Because of spam, I personally moderate all comments left on my blog. However, because of health issues, I will not be able to do so in the future.

If you have a personal question about LI or any related topic you can send me an email at I will try to respond.

Otherwise, this blog is now a legacy site, meaning that I am not updating it any longer. The basic information about LI is still sound. However, product information and weblinks may be out of date.

In addition, my old website, Planet Lactose, has been taken down because of the age of the information. Unfortunately, that means links to the site on this blog will no longer work.

For quick offline reference, you can purchase Planet Lactose: The Best of the Blog as an ebook on or Almost 100,000 words on LI, allergies, milk products, milk-free products, and the genetics of intolerance, along with large helpings of the weirdness that is the Net.

Tuesday, February 10, 2009

Detox, Shmeetox

If you need something a bit lighter to tamp down your anger from yesterday's junk science post, I found it in a Time magazine article by Alice Park, Detox, Shmeetox.

The subject is still pseudoscientific nonsense designed to do nothing to your body except to make your wallet lighter. But Park has the right idea. Most of the time the proper medicine to use on the woo-woos and nutcases is ridicule.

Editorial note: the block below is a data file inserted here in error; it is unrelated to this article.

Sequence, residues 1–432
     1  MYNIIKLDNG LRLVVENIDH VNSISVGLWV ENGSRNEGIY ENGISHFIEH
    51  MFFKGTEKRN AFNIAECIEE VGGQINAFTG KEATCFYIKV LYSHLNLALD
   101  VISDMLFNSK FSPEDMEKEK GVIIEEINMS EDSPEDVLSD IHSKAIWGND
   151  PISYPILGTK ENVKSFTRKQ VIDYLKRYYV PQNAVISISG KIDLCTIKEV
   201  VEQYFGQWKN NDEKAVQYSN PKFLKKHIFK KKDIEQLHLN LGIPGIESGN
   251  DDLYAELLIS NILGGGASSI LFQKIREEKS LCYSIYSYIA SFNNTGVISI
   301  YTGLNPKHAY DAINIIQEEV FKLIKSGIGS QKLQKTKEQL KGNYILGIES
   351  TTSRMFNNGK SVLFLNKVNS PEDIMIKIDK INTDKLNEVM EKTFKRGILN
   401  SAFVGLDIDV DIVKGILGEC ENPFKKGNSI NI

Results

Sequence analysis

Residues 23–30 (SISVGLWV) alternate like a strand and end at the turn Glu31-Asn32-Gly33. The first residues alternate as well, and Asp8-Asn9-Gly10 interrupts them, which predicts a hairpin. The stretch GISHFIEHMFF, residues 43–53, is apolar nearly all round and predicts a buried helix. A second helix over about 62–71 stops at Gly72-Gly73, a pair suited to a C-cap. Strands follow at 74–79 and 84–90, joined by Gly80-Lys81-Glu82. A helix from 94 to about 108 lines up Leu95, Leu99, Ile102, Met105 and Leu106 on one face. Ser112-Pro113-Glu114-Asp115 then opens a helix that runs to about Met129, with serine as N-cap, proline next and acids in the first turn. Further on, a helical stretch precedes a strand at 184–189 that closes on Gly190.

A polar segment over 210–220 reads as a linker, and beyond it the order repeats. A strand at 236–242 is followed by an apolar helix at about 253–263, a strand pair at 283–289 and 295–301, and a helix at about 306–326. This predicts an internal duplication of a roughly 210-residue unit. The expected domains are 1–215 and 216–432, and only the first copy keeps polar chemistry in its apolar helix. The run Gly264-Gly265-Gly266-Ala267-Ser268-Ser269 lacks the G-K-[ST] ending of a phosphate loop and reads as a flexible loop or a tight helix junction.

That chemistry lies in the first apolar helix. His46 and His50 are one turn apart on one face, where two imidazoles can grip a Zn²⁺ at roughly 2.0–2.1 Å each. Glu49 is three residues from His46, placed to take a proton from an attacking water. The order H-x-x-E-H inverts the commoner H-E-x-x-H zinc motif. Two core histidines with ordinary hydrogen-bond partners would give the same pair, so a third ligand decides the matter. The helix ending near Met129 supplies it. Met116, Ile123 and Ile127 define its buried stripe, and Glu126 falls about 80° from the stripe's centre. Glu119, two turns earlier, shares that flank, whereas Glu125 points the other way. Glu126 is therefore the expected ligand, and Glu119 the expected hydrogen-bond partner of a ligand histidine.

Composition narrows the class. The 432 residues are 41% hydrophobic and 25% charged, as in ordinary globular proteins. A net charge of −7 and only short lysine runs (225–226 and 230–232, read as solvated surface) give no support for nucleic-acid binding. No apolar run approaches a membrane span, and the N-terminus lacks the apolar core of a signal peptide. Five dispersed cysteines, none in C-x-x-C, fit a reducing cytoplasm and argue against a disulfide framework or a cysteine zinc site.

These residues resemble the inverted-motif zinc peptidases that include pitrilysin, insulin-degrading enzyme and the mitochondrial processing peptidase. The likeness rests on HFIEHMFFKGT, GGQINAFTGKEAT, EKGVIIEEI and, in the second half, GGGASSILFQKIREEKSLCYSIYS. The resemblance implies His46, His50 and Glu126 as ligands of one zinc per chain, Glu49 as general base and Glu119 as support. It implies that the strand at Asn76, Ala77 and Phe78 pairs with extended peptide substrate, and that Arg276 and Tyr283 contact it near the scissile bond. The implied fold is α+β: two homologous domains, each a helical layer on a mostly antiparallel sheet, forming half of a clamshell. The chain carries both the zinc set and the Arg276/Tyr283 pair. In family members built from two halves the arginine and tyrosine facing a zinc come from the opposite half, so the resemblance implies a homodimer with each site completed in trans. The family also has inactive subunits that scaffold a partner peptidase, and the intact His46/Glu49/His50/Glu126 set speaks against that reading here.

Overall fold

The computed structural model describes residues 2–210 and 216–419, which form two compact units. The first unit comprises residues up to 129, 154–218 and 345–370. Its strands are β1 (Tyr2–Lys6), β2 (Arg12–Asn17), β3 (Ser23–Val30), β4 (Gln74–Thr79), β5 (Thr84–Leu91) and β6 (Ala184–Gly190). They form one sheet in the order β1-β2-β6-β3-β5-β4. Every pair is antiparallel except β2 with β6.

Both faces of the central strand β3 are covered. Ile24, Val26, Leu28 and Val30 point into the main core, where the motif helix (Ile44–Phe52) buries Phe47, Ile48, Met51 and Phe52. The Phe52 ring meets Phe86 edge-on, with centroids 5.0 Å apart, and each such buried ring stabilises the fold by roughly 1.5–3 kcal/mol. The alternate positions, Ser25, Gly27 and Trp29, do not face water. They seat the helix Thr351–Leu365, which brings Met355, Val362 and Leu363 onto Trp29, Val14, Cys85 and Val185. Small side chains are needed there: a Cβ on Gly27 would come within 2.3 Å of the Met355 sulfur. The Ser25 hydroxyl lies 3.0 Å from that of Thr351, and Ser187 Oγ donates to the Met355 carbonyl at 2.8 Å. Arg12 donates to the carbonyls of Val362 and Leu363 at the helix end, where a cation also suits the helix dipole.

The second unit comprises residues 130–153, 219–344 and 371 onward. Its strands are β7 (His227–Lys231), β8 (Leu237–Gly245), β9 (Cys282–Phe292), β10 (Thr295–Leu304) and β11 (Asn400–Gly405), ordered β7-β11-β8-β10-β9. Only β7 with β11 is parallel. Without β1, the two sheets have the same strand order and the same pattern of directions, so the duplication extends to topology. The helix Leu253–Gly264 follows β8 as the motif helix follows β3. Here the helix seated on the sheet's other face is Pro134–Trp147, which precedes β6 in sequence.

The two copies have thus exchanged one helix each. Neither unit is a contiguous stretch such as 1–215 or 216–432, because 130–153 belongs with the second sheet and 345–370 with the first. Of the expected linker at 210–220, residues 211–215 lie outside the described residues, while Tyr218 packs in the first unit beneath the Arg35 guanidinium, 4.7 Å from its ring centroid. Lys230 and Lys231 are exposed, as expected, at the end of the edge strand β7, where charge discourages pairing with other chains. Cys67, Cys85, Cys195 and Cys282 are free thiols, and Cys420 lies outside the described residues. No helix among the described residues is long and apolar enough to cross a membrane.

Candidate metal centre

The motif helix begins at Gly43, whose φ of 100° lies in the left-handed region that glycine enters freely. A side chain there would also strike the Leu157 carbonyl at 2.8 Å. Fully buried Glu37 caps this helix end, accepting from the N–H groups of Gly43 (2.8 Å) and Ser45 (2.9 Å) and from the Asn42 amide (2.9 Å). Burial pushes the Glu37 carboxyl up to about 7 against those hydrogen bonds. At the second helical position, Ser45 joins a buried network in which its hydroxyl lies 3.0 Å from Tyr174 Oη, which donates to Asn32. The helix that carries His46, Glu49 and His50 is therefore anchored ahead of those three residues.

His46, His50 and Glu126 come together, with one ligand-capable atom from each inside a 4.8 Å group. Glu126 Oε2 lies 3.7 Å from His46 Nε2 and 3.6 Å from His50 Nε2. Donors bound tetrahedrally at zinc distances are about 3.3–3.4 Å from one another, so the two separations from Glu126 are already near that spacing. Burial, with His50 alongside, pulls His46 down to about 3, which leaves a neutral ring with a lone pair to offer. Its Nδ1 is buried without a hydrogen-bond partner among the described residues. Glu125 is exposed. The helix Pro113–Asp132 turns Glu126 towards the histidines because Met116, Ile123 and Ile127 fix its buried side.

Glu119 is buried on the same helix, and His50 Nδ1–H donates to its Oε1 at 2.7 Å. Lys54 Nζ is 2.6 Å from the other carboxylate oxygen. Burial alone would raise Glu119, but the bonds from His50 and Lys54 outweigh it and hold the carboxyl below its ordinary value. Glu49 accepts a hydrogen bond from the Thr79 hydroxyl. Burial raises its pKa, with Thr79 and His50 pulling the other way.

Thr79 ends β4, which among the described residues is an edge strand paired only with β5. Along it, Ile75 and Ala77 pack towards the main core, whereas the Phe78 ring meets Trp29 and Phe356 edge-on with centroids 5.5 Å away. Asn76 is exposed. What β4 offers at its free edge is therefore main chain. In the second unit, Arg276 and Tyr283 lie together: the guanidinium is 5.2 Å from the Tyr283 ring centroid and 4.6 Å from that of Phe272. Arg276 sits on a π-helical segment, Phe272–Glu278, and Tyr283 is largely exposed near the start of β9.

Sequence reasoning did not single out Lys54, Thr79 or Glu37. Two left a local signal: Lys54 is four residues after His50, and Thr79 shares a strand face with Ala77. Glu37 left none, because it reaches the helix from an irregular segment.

Those commercials you see for foot pads that suck toxins out of your body?

But it turns out that detoxing does very little de-anything. The brown color on those foot pads? That comes from chemicals in the pads that change color whenever they get wet--even if the moisture comes from something as toxin-free as distilled water. "There is no science behind these detoxification services," says Dr. Christine Laine, deputy editor of the Annals of Internal Medicine. Says Dr. Bennett Roth, chief of gastroenterology at UCLA: "This is the 2009 version of the snake-oil salesman."

Colon cleansing? Crap, and not the good kind. Oh yeah, and a badly done colonic can "result in punctures in the intestinal wall."

Is there any science at all behind this nonsense? None. If you catch them off guard on a good day, they'll admit it themselves.
Even detox practitioners acknowledge that there is little evidence of the effectiveness of their work. "We would love to have that kind of good research, but that takes time and money, " says Mark Toomey, director of the Raj spa in Fairfield, Iowa, which offers cleansing oil-based massages, enemas and diets.

It's snake oil. Ridicule them off the face of the earth. When the gullible suggest it to you laugh in their faces. Wave around the money you save by not giving it to the quacks.

Save your anger for the quacks who misuse science to scare parents. And kill children.

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